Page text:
Joe Casper told his son that when he turned 14, he had to play a sport or go to work.
He didn’t give him a third option.
So Blake Casper found himself in a McDonald’s in Carrollwood learning the business from the ground up. The lessons he got there went far beyond manning the grill and running the cash register.
“I think it was great training and great exposure,” Casper told me last week. “Most important, it taught me what it meant to be part of a team. Work is like sports. Your teammates are counting on you, you’re counting on them. There were a lot of times I showed up late or I showed up not ready to work and I had to learn about the consequences. That was probably the most important lesson.”
Casper said he eventually realized he had to take ownership of every act in his workplace, which gave him the confidence to take risks. Now, at a time when he could be kicking back and enjoying his reign over the 64 McDonald’s owned by the company he operates with his sister Alison Adams and her husband Robby Adams, he continues to take chances.
Casper, 45, has guided his team into the creation of experiential restaurants in downtown Tampa (the Oxford Exchange) and inside Johns Hopkins All Childrens Hospital in St. Petersburg (The Peabody). He’s overseeing work on a similar project in Baltimore that will transform a former bank building into an upscale restaurant.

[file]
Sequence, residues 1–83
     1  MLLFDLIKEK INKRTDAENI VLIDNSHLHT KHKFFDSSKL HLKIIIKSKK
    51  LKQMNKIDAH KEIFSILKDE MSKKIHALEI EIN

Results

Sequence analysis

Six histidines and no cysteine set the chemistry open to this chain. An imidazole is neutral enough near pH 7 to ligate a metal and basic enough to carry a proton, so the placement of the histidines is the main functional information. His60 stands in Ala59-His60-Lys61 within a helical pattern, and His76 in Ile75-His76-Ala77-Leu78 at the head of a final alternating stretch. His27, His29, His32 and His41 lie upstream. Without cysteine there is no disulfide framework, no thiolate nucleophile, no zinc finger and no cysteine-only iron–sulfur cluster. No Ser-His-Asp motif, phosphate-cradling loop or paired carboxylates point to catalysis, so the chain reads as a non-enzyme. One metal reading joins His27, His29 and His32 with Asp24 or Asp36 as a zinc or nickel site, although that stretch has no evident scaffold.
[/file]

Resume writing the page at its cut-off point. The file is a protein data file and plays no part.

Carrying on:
Meanwhile, Caspers Service Company, an umbrella organization that offers a range of services for commercial outlets (especially restaurants), recently moved into a new facility just north of the Florida State Fairgrounds.
CSC, as Casper calls it, provides everything from HVAC, construction and plumbing to equipment and kitchen design. Cox Electric, a well-known area brand, also operates under CSC.
Why is he stoking his entrepreneurial spirit instead of resting on his laurels and eating Egg McMuffins every morning?
“I’m still eating Egg McMuffins,” Casper said. “I’m doing both.”
It’s a noteworthy balance. McDonald’s thrives because of its systematic framework, consistency and speed. But the independent restaurants Casper is building require a focus on the unique.
“People want individual, independent places that tell a story,'' he said. "Everything has to have this experiential component to it. But at the same time, we have to execute to make a business of it.”
Sometimes the execution runs into challenges. Casper’s plans to turn South Tampa’s historic Stovall House into a private dining entity drew the ire of some residents and grew into a contentious zoning dispute at Tampa City Council.
Casper, who eventually gained council approval, insists his plans won’t disrupt the upscale neighborhood near Bayshore Boulevard and said the dispute took him by surprise. But his ambition continues to show few bounds.
At its core is a simple element.
“It’s fun,” Casper said. “Life is short. You gotta get out there. It’s a great way to live a life.”
Something tells me if Joe Casper had allowed his son to sit around the house and enjoy the spoils of wealth, Blake Casper’s definition of fun wouldn’t involve taking risks or fostering teamwork.
That’s all I’m saying.